Strum, Wesley, Joel Genuth, and Ivan Chompalov. Structures of Scientific Collaboration. Cambridge, Mass.: MIT Press, 2007. Pp. xi + 280. Hardcover, $38.00.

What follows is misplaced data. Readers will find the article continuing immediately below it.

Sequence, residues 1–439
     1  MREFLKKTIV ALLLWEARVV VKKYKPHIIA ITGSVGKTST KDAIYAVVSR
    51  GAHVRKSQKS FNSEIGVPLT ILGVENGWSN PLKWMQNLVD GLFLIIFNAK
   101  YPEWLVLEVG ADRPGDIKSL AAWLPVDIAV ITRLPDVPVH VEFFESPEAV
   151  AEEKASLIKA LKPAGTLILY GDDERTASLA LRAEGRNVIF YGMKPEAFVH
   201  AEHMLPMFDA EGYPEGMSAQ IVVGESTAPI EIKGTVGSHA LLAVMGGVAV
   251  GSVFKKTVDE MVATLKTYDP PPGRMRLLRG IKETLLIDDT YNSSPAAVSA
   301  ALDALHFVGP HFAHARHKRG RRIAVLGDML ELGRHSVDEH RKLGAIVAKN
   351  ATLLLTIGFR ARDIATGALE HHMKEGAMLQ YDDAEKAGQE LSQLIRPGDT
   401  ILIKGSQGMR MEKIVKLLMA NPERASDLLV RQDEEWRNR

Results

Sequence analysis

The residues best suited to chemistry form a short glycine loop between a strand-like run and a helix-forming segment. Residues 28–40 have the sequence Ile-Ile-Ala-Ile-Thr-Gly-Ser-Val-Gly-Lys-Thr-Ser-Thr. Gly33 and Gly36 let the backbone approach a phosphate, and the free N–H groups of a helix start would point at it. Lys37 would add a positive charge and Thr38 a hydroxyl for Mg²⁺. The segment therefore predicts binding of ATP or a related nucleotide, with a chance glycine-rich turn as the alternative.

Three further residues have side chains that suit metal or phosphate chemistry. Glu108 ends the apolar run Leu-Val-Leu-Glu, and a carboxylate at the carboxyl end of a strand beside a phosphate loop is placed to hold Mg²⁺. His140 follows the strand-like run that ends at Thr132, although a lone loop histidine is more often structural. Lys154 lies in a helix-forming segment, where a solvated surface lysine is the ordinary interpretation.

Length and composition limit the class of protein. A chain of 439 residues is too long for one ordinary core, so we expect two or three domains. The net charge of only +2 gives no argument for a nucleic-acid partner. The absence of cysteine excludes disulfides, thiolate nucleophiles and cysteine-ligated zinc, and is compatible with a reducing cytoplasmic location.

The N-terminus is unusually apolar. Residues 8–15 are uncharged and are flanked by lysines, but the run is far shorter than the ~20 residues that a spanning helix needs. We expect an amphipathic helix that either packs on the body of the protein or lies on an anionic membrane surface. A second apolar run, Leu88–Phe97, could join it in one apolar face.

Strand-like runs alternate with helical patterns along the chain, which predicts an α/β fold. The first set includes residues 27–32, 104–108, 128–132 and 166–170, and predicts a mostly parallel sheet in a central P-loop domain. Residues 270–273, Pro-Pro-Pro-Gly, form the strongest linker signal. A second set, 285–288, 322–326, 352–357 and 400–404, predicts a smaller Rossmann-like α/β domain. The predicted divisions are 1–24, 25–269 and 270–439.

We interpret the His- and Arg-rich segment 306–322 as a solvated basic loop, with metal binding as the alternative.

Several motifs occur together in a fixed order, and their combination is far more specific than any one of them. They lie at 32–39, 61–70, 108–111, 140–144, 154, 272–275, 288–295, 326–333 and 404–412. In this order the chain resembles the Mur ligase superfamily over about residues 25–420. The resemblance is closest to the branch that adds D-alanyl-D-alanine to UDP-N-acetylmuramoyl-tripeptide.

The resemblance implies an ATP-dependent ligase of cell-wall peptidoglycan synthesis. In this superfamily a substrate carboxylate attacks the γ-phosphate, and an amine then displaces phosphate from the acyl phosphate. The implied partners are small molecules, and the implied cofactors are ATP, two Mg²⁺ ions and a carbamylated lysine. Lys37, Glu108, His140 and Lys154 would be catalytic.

A study of the organization of fifty three “big science” physics projects, each a collaboration involving at least three independent organizations. The specific areas were Geophysics, Ground-based Astronomy, Material Sciences, Medical Physics, Space Science, and Particle Physics. The data was collected in the 1990s by a group from the American Institute of Physics. The collaborations fit into four clusters: Bureaucratic, Leaderless, Non-Specialized, and Participatory. The particle physics projects were in the last cluster and were basically the only ones in that cluster, probably because of the technology involved and the corresponding acculturation of graduate students. Except for particle physics, the clusters did not coincide with scientific specialties. Several reasons for collaborating exist, but the important one appears to be access to instrumentation—“the structure of collaboration is best viewed in terms of the practices through which data is acquired.” Besides the issue of who gets to work with the equipment, sharing of data can be problem in a collaboration. The organization of projects must satisfy the needs of the engineers and scientists involved but also the requirements of the participants’ home institutions, which usually have constraints on acceptable structures. The process of starting a collaborative project influences a project throughout its life—success is determined more by the beginning than the end. Larger projects, not surprisingly, had more administrative structure. On the other hand, when the scope of the collaboration is wider, decision-making tends to be more participatory and local. If the scope is wider, probably less micro-management is done. Leadership style and technology are related: technologies that make participants interdependent lead to decentralization of leadership. Trust between participants does not seem to be a determinant of success, although a lack of trust leads to conflict. One determinant of success, though, is funding difficulties at the beginning—projects having difficulties raising funds, but ultimately in doing so succeeding, had more positive final outcomes. Much of the discussion involves “bureaucracy,” used here to mean formal organization, with a hierarchy. The authors point out that the presence of bureaucratic procedures may very well aid in getting the science done, and may give more local autonomy to scientists and engineers in doing their work. It seems evident that collaborations will be more necessary in the future as the scope of significant problems enlarges. Knowing how to plan and manage such projects will be useful, and much insight can be gained from this book. Some of the exposition was slow going for me; perhaps a person trained in the social sciences will have an easier time.